On the day he stepped down from the federal bench, the now-former judge who presided over the Raj Rajaratnam insider-trading trial talked about his decision and about the trial that put him in the newspapers on a daily basis.
Richard Holwell announced yesterday that he would quit his lifetime appointment to the U.S. District Court in Manhattan to start a litigation boutique with two former colleagues from law firm White & Case, where Holwell spent more than 30 years before being named to the bench by President George W. Bush.
"I just felt a little itch and wanted to try and get back in the courtroom from the other side of the rail," he told Reuters.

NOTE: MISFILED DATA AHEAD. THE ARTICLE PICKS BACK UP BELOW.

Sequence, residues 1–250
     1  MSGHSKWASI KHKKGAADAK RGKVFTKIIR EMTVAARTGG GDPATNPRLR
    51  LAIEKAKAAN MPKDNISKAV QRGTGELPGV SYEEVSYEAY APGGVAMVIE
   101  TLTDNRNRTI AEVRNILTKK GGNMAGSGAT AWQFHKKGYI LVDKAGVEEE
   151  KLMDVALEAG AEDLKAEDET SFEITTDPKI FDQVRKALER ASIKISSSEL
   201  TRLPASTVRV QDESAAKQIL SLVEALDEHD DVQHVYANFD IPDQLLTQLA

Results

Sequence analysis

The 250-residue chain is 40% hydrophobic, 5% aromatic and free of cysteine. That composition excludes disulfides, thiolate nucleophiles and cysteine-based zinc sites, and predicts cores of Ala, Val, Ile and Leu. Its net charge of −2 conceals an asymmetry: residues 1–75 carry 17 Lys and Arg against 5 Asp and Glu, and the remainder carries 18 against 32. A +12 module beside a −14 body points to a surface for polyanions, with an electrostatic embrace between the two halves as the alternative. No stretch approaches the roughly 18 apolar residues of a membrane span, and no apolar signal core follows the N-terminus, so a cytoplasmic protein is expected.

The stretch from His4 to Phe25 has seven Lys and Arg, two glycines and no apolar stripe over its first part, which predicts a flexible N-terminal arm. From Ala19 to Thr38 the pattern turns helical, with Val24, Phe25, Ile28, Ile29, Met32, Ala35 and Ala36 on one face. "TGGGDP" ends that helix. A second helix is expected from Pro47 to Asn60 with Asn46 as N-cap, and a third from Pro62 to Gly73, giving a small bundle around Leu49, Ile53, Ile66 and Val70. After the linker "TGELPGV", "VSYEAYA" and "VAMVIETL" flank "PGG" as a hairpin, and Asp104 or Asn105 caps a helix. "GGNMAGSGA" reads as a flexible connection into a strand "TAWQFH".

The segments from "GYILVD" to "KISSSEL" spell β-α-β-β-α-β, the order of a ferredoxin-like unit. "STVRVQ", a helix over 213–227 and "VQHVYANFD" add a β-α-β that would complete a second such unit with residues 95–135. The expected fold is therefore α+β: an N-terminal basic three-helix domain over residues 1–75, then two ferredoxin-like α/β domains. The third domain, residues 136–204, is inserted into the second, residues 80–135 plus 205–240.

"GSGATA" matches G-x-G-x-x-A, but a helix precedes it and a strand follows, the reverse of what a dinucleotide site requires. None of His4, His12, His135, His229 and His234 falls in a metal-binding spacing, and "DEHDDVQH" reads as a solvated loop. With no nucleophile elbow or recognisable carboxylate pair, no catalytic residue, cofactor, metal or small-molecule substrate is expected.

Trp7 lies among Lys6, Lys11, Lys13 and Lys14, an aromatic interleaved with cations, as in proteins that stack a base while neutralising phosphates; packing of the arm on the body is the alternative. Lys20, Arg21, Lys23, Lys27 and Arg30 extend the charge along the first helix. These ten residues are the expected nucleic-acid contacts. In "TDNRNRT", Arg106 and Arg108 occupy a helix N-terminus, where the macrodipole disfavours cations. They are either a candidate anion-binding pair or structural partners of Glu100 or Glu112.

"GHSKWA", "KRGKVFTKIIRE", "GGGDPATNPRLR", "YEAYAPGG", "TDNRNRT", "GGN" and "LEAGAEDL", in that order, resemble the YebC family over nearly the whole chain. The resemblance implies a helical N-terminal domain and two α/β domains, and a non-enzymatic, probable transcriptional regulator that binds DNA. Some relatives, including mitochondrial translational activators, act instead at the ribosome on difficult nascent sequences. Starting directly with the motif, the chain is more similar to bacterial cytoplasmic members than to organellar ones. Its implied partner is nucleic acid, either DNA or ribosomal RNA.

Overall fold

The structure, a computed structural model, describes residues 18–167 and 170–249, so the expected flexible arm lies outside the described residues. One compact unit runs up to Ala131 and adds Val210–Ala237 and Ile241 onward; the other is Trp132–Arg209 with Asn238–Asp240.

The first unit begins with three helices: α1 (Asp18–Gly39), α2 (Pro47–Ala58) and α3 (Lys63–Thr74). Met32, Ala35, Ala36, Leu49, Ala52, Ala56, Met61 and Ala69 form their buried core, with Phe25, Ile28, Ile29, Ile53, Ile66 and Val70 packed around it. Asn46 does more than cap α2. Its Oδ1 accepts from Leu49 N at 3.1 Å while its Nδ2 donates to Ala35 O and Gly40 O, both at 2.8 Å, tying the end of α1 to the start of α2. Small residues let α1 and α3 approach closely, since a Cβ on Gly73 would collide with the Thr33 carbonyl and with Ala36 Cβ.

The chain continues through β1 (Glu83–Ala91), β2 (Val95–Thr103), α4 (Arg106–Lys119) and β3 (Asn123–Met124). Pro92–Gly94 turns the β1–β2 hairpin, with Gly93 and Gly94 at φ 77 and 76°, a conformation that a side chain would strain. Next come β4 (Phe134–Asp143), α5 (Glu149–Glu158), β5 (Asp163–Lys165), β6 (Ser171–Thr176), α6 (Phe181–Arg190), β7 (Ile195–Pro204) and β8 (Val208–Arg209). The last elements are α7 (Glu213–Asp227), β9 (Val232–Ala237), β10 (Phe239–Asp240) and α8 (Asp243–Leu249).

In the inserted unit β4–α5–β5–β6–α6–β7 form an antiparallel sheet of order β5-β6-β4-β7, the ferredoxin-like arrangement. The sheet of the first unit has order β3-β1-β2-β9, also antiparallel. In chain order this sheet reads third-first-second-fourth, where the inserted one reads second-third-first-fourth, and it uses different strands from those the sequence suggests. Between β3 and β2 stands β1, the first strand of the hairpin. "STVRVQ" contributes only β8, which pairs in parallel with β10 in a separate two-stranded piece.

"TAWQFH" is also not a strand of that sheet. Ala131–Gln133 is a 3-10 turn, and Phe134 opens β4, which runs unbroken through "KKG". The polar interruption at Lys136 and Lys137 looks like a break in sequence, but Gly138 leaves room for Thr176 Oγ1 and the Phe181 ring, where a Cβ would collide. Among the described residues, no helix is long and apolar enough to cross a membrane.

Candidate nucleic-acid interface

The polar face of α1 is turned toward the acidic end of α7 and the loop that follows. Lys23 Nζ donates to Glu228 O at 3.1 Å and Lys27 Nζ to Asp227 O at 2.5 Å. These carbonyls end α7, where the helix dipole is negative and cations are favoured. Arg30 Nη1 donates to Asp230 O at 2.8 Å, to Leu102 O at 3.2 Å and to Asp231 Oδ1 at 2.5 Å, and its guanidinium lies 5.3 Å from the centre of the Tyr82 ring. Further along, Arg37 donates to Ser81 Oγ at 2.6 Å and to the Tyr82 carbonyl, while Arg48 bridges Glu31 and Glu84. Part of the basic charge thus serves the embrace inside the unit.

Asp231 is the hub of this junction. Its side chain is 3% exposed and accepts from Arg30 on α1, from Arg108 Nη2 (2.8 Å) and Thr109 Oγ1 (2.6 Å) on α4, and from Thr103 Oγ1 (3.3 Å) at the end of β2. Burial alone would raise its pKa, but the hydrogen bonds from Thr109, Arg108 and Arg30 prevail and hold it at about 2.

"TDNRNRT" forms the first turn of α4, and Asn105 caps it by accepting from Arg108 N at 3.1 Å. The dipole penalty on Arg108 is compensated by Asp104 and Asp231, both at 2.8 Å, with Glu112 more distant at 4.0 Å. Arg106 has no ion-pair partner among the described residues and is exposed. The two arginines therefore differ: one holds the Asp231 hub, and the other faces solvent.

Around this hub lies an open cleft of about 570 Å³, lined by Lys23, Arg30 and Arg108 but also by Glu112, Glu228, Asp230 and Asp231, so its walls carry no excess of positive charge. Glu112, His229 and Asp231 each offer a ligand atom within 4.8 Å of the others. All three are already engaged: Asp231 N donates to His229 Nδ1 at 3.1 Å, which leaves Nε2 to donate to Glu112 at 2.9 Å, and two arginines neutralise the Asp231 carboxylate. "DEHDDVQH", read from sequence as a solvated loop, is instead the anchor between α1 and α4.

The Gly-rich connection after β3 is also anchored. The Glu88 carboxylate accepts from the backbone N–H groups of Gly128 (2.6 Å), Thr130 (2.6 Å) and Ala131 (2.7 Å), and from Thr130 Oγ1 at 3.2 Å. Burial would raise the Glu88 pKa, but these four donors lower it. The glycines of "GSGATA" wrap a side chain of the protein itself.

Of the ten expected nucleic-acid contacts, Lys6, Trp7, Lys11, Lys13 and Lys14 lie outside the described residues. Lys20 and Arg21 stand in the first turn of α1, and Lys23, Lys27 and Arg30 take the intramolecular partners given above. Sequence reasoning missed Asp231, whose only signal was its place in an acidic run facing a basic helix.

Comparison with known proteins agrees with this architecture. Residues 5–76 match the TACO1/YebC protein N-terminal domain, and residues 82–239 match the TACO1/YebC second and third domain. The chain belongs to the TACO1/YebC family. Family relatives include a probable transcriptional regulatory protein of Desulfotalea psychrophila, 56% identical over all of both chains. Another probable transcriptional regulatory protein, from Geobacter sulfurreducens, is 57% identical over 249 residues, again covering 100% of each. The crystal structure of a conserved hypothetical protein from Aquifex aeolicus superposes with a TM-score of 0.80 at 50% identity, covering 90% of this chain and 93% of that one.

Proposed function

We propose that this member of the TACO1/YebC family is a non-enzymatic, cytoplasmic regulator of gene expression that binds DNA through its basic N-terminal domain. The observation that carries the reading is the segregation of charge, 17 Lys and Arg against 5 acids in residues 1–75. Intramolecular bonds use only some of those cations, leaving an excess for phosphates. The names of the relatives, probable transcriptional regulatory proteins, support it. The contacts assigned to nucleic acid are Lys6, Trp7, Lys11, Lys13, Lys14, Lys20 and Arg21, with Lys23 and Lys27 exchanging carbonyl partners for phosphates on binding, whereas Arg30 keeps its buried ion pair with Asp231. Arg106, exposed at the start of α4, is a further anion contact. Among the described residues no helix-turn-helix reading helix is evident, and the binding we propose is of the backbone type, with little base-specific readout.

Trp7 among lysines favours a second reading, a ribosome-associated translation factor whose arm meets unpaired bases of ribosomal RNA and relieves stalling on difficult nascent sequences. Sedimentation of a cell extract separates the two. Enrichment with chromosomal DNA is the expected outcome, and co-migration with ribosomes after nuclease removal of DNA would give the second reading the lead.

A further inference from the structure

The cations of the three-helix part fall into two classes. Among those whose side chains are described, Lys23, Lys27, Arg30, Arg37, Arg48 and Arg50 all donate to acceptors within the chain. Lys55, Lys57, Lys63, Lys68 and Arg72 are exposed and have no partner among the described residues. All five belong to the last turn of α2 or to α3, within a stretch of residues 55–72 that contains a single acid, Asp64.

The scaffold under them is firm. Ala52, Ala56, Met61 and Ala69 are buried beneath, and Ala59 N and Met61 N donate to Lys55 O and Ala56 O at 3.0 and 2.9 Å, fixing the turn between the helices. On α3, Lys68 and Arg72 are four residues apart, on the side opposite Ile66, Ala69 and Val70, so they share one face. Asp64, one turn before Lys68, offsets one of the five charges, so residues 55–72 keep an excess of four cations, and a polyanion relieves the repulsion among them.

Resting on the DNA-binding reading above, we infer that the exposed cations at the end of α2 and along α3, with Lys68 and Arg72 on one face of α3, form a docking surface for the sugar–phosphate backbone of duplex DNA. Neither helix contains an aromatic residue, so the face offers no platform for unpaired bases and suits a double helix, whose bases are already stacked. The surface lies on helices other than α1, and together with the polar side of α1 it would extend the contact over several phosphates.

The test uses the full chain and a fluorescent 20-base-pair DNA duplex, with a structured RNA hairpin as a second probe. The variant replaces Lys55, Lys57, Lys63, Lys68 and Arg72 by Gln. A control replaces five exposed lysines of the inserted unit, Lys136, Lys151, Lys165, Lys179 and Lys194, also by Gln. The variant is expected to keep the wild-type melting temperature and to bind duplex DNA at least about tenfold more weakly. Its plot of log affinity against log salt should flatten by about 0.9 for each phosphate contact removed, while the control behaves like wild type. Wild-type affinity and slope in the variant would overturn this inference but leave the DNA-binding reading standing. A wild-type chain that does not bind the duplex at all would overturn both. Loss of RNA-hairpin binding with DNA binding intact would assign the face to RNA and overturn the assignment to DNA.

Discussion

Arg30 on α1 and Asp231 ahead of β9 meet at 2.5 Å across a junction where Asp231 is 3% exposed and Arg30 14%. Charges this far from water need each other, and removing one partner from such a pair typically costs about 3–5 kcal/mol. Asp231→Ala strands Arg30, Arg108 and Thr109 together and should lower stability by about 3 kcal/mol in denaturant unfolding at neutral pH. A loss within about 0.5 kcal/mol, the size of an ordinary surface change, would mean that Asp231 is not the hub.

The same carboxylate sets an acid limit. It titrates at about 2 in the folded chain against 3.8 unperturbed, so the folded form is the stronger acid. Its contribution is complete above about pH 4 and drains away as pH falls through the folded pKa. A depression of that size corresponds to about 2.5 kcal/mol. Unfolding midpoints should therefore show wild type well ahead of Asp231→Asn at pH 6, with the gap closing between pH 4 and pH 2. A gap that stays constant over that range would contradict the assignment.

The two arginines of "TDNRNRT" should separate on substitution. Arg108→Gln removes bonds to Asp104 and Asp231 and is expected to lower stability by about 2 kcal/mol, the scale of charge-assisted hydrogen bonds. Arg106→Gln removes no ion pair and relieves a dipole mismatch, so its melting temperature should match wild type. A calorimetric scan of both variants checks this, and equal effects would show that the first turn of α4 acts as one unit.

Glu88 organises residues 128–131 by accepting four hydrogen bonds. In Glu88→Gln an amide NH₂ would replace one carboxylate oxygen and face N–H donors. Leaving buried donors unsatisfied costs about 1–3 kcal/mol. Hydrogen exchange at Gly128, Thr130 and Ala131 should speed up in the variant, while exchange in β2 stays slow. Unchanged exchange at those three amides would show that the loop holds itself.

As for last year's trial of the Galleon Group founder, Holwell said it was "personally challenging."
"I personally found it a difficult court case because it had to be dealt with both on an individual level and, obviously, the case had implications for the financial markets and the social fabric in general," Holwell said. "You couldn't really overlook where it was and it was always a constant struggle to strike the right balance on how one approached the case."
Holwell admitted that it was unusual for a federal judge to quit to start a law firm, but he denied that it was a matter of compensation.
"It wasn't an issue of the woefully inadequate pay," Holwell told The New York Times. "I worked for 30 years in the private sector. It's simply the opportunity to do something completely different, so I'm going to take that opportunity."